One overcast March morning, I was walking the trails of Camp Orchid, and a thought popped into my head in full sentences: I am a collector. I find meaning in little things. I’m a keeper of memories.
During that past winter in Seattle, I was afraid I’d end up homeless, since I was due to be evicted and none of the jobs I’d applied for had come through. I used a gift certificate to buy a photo album. It had a padded, soft, light blue cover with a sun and stars stitched in dark blue.
I dumped out a box of cards, emails, bookmarks, photos, little art projects, ticket stubs, letters, postcards, even post-it notes that people had sent me. I spread its contents out on the rug and spent a few weeks putting it all into the photo album in an artistically pleasing way.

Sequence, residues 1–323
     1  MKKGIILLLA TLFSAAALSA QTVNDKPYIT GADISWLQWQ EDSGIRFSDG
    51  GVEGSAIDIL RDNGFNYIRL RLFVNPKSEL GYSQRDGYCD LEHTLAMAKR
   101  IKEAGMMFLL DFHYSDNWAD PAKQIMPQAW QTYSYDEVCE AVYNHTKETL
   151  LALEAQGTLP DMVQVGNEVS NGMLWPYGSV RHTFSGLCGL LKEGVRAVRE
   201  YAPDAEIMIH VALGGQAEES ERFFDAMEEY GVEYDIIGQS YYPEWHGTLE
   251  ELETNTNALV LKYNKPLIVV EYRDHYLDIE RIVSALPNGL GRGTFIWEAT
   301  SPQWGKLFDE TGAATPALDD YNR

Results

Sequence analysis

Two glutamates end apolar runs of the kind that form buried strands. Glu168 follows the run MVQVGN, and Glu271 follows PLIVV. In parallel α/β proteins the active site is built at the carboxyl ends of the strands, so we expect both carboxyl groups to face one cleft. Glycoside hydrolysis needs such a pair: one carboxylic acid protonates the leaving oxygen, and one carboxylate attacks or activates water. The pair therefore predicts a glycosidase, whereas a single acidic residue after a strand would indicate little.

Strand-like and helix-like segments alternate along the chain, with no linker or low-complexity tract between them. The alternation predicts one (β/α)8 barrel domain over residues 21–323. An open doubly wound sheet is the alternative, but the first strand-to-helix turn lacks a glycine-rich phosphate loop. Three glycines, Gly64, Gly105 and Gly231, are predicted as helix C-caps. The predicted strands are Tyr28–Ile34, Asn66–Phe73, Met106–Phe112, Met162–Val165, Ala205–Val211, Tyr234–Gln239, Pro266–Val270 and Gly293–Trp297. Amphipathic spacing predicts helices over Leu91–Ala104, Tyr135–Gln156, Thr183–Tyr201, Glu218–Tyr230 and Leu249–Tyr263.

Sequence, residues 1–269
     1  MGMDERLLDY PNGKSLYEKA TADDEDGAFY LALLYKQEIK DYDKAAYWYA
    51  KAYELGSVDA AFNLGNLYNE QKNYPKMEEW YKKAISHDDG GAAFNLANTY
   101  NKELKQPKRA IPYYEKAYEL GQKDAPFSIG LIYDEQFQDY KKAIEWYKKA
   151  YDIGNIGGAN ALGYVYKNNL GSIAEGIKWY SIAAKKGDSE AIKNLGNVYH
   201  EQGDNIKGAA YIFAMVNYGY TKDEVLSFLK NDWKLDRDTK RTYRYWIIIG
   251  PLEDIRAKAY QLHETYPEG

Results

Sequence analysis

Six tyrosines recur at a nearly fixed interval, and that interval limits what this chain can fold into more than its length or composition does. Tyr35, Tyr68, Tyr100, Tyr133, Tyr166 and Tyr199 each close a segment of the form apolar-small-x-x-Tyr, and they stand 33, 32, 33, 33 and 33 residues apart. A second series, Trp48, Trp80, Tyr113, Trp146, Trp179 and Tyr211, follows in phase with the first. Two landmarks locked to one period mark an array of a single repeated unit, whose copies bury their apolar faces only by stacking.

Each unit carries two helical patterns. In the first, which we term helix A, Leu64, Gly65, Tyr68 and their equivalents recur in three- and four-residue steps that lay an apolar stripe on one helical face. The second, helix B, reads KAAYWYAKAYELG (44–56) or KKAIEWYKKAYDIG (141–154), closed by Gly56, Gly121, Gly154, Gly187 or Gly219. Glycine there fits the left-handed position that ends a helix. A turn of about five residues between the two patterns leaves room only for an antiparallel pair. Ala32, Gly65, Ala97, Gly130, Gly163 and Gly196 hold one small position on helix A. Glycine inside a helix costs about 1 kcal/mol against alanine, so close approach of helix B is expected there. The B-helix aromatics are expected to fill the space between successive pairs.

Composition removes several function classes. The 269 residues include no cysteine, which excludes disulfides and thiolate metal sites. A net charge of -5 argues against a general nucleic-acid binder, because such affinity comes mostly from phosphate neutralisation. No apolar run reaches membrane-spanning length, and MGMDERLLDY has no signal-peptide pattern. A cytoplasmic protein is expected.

I was almost homeless and I was making a scrapbook.
I’ve been talking a lot about “Lights in the Distance,” my essay that’s being considered over at Creative Nonfiction. I thought maybe a little sliver would be nice. It’s split into thirteen sections and this is the third one.